Document Type




Format of Original

9 p.

Publication Date



Elsevier (WB Saunders)

Source Publication

Archives of Physical Medicine and Rehabilitation

Source ISSN


Original Item ID

doi: 10.1016/j.apmr.2016.01.013; Shelves: RM 845 .A8 2016, Memorial Periodicals; PubMed Central, PMCID: 26836954


Objective: To test the reliability and validity of using the Borg rating of perceived exertion (RPE) scale (ratings 6e20) in persons with multiple sclerosis (PwMS).

Design: Nonrandomized repeated measures.

Setting: Research laboratory.

Participants: Volunteer sample (N=27) comprised of 16 PwMS (10 women) and 11 age-matched persons without multiple sclerosis (MS) (6 women). Clinical measures included symptomatic fatigue, depression, and MS functional capacity.

Interventions: A submaximal cycling test was performed to estimate maximal capacity. Participants then pedaled for 2 minutes at 50% and 60% of predicted maximal oxygen consumption per unit time (V̇O2), and physiological measures and RPE were obtained (week 1: response protocol). One week later, participants replicated the prescribed V̇O2 using the RPE range from week 1 (week 2: reproduction protocol). V̇O2, heart rate, and respiratory quotient were measured continuously; RPE and workload were measured every minute; and blood lactate and mean arterial pressure were measured after exercise.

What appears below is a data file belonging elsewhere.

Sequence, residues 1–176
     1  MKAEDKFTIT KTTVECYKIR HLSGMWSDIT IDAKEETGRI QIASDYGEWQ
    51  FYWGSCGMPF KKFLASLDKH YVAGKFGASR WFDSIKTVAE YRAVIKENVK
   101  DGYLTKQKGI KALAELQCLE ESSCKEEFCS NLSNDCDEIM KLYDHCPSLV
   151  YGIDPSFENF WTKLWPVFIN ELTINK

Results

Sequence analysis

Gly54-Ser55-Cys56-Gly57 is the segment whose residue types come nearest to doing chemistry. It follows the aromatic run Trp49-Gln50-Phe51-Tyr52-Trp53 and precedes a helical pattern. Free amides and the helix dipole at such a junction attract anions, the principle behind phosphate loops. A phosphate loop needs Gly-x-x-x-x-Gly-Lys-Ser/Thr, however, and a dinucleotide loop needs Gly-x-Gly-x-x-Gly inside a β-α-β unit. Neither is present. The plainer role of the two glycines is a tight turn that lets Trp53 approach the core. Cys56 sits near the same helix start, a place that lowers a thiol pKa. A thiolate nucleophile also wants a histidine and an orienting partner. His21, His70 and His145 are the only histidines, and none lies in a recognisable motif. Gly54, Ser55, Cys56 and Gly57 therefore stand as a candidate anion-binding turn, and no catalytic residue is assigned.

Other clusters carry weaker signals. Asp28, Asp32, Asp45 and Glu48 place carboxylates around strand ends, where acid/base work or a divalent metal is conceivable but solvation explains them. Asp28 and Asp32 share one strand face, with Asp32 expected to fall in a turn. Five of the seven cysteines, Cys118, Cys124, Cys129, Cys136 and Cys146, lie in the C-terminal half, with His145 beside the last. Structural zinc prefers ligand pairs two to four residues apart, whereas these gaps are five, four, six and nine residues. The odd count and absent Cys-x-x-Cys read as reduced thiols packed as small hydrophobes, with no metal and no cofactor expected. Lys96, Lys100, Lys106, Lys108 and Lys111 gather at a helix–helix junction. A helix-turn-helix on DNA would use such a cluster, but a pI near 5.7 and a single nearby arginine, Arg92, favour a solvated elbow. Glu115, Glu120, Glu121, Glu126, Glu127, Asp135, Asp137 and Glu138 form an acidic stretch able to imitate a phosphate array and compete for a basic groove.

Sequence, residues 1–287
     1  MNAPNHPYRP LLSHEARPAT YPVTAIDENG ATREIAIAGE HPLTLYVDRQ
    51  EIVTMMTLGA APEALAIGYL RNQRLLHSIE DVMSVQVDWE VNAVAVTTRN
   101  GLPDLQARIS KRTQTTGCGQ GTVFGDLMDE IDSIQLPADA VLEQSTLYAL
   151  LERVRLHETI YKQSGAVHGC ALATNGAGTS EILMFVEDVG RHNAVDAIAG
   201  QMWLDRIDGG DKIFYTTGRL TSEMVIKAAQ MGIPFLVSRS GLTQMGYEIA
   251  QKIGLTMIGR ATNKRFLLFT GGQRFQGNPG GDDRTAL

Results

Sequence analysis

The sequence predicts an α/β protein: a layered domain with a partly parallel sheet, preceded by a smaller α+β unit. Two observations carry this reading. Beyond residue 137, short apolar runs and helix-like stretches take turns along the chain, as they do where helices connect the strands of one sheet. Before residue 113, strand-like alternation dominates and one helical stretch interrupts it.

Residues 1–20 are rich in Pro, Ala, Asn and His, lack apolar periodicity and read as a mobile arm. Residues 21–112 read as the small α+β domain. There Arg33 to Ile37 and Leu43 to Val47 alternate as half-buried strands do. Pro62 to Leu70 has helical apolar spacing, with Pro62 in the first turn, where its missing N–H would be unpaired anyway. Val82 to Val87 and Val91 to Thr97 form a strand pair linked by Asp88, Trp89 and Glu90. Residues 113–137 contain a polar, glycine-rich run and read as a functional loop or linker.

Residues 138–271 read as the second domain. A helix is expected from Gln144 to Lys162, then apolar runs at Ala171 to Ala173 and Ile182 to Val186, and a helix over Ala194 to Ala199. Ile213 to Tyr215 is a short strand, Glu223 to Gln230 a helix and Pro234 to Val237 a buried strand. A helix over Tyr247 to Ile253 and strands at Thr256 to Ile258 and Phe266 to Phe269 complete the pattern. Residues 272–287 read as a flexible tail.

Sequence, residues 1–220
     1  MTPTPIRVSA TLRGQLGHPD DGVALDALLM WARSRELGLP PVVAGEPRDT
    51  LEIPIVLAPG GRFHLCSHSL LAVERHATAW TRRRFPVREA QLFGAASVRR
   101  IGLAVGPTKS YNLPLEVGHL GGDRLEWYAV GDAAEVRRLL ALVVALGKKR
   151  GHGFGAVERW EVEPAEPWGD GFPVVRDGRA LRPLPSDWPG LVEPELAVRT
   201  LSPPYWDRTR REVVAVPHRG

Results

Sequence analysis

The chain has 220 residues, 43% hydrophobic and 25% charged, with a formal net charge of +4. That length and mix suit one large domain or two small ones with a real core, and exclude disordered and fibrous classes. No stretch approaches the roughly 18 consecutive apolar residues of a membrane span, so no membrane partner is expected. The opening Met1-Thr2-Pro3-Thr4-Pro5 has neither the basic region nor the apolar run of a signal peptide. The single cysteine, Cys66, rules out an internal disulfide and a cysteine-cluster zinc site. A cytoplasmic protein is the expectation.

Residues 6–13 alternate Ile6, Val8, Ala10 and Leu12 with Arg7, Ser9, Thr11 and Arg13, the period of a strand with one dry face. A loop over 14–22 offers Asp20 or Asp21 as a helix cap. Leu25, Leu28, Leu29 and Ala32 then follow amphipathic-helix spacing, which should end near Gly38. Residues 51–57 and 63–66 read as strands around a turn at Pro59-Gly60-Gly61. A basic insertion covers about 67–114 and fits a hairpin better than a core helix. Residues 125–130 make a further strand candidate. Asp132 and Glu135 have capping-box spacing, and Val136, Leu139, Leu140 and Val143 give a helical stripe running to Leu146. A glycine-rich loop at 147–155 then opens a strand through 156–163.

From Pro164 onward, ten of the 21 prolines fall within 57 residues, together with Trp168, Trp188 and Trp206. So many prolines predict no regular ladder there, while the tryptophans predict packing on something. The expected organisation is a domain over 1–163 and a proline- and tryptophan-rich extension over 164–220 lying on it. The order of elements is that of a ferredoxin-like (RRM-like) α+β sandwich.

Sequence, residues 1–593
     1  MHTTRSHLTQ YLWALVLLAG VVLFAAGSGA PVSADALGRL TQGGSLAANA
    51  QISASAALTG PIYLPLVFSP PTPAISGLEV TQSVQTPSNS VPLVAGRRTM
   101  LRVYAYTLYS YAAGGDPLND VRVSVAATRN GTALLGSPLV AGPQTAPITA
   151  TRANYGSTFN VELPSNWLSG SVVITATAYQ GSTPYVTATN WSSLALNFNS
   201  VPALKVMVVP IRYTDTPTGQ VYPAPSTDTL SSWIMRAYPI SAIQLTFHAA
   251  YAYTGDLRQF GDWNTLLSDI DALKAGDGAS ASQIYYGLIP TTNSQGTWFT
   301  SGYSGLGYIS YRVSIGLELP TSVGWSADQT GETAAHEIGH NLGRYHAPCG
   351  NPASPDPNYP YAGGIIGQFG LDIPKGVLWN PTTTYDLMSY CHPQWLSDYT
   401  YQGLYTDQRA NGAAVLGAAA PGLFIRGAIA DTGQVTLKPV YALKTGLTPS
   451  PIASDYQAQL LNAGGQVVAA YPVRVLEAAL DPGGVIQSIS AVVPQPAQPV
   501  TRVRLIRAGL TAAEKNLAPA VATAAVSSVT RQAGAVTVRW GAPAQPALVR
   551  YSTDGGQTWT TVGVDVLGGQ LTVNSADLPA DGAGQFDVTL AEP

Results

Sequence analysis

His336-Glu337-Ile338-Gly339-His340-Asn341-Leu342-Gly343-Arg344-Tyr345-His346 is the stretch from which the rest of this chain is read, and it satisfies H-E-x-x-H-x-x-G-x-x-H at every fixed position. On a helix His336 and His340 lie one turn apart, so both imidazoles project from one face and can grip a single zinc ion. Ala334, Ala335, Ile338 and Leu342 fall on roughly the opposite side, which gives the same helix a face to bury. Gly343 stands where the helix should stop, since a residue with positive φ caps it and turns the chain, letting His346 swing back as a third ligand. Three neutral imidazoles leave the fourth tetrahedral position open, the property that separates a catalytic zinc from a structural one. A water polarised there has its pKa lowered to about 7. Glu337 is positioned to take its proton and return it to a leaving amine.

Main Outcome Measures: RPE, workload, V̇O2, and heart rate from week 1 to week 2.

Results: PwMS had greater fatigue (P2, and heart rate were similar between groups. Both groups had an intraclass correlation coefficient >.86 for RPE, workload, and V̇O2. The intraclass correlation coefficient was comparatively lower for heart rate for both groups (MS group: .72, non-MS group: .83). RPE was highly correlated with V̇O2(rZ.691, P

Conclusions: Results suggest that RPE can be reliably reproduced, is valid, and may be used in exercise prescription in mildly to moderately impaired PwMS during cycling exercise.


Accepted version. Archives of Physical Medicine and Rehabilitation, Vol. 97, No. 6 (June 2016): 974-982. DOI. © 2016 by the American Congress of Rehabilitation Medicine. Used with permission.